The CLUAS Archive: 1998 - 2011


Universal Music GroupWhen recently blogging about what might possibly be the best ever pricing model for selling MP3s I mentioned how EMI were the only major record label to allow MP3s of their artists' music to be sold without copy protection. Now however they are being joined by Universal. Well, sort of. Let me explain.

Over the weekend Universal records said they would start selling MP3s free from the shackles of Digital Rights Management. A welcome move, but as always the devil is in the detail. For example:

  • Their move is an experiment and not a full commitment to go down the route of DRM-free MP3s. They will evaluate how things are at the end of January before deciding if they will stick with this strategy.
  • They will not sell songs on iTunes that are free of copy-protection.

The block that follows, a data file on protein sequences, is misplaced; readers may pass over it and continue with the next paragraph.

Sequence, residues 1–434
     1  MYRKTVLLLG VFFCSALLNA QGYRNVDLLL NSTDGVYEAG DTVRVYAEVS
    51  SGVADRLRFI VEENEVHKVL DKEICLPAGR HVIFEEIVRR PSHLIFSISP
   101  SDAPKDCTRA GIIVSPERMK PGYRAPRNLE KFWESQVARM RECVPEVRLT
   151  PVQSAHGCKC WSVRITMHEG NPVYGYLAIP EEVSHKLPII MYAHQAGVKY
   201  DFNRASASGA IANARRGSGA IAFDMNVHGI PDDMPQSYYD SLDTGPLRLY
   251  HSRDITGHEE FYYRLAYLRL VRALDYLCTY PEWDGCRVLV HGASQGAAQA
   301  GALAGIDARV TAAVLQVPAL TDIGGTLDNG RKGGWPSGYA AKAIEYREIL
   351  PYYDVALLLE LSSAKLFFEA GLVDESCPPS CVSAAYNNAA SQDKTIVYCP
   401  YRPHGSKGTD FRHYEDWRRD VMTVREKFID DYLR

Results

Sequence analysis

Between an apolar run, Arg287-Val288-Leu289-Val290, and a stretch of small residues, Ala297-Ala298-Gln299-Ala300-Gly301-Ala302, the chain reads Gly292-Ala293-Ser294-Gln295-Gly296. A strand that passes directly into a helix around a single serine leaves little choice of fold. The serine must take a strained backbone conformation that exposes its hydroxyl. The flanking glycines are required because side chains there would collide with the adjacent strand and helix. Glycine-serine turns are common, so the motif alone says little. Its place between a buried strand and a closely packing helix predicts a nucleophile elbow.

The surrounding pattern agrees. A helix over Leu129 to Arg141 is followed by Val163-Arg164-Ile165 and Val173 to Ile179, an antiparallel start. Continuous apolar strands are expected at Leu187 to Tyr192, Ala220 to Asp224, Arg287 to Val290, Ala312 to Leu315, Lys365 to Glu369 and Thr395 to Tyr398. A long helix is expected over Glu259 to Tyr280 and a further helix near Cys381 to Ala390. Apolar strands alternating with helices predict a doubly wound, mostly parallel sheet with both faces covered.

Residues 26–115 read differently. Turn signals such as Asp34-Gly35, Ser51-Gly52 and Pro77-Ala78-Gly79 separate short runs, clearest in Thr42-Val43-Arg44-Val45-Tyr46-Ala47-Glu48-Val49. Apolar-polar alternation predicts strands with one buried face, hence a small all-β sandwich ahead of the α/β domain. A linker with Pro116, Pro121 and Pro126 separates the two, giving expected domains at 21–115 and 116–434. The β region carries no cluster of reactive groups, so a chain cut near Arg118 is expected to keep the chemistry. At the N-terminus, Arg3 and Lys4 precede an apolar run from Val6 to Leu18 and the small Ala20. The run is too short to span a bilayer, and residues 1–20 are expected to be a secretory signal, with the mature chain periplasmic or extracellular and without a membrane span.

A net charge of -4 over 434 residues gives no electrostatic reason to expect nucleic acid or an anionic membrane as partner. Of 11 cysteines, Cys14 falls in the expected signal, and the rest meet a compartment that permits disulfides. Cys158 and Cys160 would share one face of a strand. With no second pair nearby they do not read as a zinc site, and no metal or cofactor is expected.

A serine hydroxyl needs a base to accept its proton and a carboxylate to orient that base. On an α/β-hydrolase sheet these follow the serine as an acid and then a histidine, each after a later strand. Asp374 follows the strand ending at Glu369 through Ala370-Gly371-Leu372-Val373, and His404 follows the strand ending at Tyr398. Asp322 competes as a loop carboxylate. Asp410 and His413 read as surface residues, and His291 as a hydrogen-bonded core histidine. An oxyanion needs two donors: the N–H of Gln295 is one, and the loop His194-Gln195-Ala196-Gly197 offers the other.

• Tracks will not be sold indivdiually but by the album. Which defies logic as consumers shift more and more towards cherry picking the tracks they want to buy. Not to mention acts such as Ash who are moving towards releasing singles only.

The sort of good news is that they will sell these tracks for 99 US cents, 30 cents less than EMI are selling non-copy protected MP3s. Still twice the price they should be sold at, if you ask me. But some competition is better than none at this early stage in the whole digital music game.

What about the other 2 major labels who are still selling their MP3s with copy protection? I'd say give them just 6 months and they will be on board. And then competition will hopefully drive prices down. And maybe to even zero cents one day...

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Nuggets from our archive

2001 - Early career profile of Damien Rice, written by Sinead Ward. This insightful profile was written before Damien broke internationally with the release of his debut album 'O'. This profile continues to attract hundreds of visits every month, it being linked to from Damien Rice's Wikipedia page.